NewsRoyal School of Needlework

Embroidery students and graduates earn Hand & Lock award nominations

Two current students and four 2020 graduates from the Royal School of Needlework are among 24 embroiderers shortlisted for this year’s Hand & Lock Prize for Embroidery.

Lucy Tiley, Grace Ingman, Durga Shanthakumar, Hisae Abe, Jessica Vale and Sabina De Oliveira Lima – all from BA (Hons) Hand Embroidery - were among the hundreds of students, graduates, professionals and skilled amateurs who entered their work in the four Prize categories, responding to this year’s brief ‘Poetics of Colour’.

Lucy and Grace, both graduates from this year, are contenders in the Textile Art section, while Durga, Hisae and Jessica are shortlisted for the Fashion category. Third-year student Sabina is in the running for the brand new RSN Associate Award for Innovation and Technical Excellence in Hand Embroidery - created to mark the Hand & Lock Prize 20th anniversary – alongside Lucy Tiley and Jessica Vale.

Lucy Tiley (Textile Art and Associate Award categories)

Lucy submitted a chair and stool as statement pieces for interiors.

A chair and stool by Lucy Tiley

Lucy said: “‘Omnipotent Horizons’ is an interior collection consisting of a re-vamped period style chair and matching stool, based around aerial views. Using a colour pallet of bold purples and oranges coupled with fierce patterns. I wanted to capture the beauty of the landscape through organic paint marks that then translate into beautiful stitch. I use layers of embroidery and fabric manipulation to mimic the textual feel of my artworks.”

Grace Ingman (Textile Art category)

Grace’s very personal pieces represented visible scars created with a floral motif based on her grandfather’s garden.

Grace Ingman sits with pieces of her work

Grace said: “This is a project which endeavours to be an inclusive textile art collection exploring the scarring on peoples’ bodies that others may never know about or understand the impact of,” said Grace. “It is not a representation of particular peoples’ scarring but rather a beautiful collective floral celebration. ‘Immortal bloom’ refers to the flowers taken from my grandfathers garden which live on with his love and mine through this embroidery.”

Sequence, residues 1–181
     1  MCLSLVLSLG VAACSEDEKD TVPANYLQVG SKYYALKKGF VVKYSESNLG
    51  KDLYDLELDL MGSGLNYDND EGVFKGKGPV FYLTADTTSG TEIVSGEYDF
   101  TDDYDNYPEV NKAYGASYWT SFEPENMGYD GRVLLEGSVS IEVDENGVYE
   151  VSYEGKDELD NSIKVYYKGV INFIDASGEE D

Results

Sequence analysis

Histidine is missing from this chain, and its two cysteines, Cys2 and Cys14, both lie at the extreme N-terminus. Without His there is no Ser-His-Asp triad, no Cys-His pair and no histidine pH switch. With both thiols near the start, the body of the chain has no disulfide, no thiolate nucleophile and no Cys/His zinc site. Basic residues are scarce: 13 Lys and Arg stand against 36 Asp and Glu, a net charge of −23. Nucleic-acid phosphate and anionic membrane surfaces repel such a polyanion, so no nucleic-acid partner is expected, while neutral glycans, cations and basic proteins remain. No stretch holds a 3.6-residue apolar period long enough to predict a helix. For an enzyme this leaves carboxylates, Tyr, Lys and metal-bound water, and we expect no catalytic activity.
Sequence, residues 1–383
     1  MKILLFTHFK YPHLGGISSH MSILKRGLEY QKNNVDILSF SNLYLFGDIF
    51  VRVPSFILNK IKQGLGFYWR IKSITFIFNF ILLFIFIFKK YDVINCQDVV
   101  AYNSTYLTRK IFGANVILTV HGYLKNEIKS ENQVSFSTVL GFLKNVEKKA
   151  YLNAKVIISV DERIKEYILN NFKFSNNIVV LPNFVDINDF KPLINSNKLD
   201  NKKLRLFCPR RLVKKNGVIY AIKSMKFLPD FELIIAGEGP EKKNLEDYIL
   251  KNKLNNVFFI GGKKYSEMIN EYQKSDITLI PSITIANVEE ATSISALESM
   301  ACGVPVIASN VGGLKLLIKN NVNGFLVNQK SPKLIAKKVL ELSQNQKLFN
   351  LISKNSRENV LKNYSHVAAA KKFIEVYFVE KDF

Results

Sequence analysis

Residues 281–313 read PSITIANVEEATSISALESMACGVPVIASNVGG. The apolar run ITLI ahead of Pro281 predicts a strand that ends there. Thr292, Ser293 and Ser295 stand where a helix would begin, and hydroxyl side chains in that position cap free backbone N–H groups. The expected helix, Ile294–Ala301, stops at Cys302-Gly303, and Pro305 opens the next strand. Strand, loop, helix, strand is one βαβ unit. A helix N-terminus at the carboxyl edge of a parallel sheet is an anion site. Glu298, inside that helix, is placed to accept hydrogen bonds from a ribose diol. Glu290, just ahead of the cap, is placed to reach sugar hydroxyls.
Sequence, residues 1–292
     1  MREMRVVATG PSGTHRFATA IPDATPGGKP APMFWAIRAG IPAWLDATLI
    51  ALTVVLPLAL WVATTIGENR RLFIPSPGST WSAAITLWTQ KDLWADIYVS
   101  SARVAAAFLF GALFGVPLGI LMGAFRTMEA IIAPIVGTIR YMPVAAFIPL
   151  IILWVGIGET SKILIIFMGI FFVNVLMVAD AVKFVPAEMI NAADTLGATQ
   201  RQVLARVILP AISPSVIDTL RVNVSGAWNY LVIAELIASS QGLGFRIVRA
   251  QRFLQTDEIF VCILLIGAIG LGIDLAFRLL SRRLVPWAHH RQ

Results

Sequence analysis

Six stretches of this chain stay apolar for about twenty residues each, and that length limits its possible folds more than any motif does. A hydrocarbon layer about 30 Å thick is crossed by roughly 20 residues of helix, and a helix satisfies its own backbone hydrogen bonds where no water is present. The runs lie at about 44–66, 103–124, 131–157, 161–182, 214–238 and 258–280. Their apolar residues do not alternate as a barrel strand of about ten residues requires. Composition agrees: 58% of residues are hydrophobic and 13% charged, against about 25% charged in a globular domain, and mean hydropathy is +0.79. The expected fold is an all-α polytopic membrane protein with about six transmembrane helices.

Durga Shanthakumar (Fashion category)

Durga submitted designs originally created as part of her second-year Live Project.  She was also the winner of the RSN’s Most Developing Second Year Student earlier in 2020.

A final sample by Durga Shanthakumar

Durga said: “Disney was a part of my childhood and I wanted to recreate the look and texture of toys through stitch. [I began with] a range of paintings, which I then reinterpreted using canvas-work which is traditionally used for interiors. I used a wide range of different colour yarns and wools to mimic the soft toy texture.”

Hisae Abe (Fashion category)

Hisae submitted an ornate kimono.

The kimono design by Hisae Abe

Hisae said: “My latest work is a Kimono inspired by my mother’s Kimono which was found in her drawer after she had passed away. The Kimono was created by traditional Japanese detailed hand craftsmanship, Japanese hand embroidery and Shibori, which is exquisite hand dyeing.”

Jessica Vale (Fashion and Associate Award categories)

Jessica submitted a shirt and jacket featuring a design based on flags commemorating the evacuation from Dunkirk.

Jessica Vale's military jacket design

Jessica said: “[This is] one of the biggest embroidery competitions globally, and so to get into the finals, and have my work exhibited under their banner is a huge honour, and will do wonders to get my name and work out there into the industry.”

Sabina de Oliveira Lima (Associate Award)

Sabina submitted an A-Z panel of stitches.

The letter A embroidered by Sabina de Oliveira Lima

Sabina said: “I was looking for something that would invite the observer to appreciate the artwork both from a distance and also, by closer inspection, the details of individual letters.  A vibrant and warm colour palette is used in the background within a displaced grid, to both contain the letters embroidered and printed and to give a sense of dynamism. Sixty types of hand embroidery techniques have been applied in this contemporary piece.”

The winners will be announced in November.

To find out more about Hand & Lock, visit its website  and to read about the BA (Hons) Hand Embroidery course, visit our course pages and www.royal-needlework.org.uk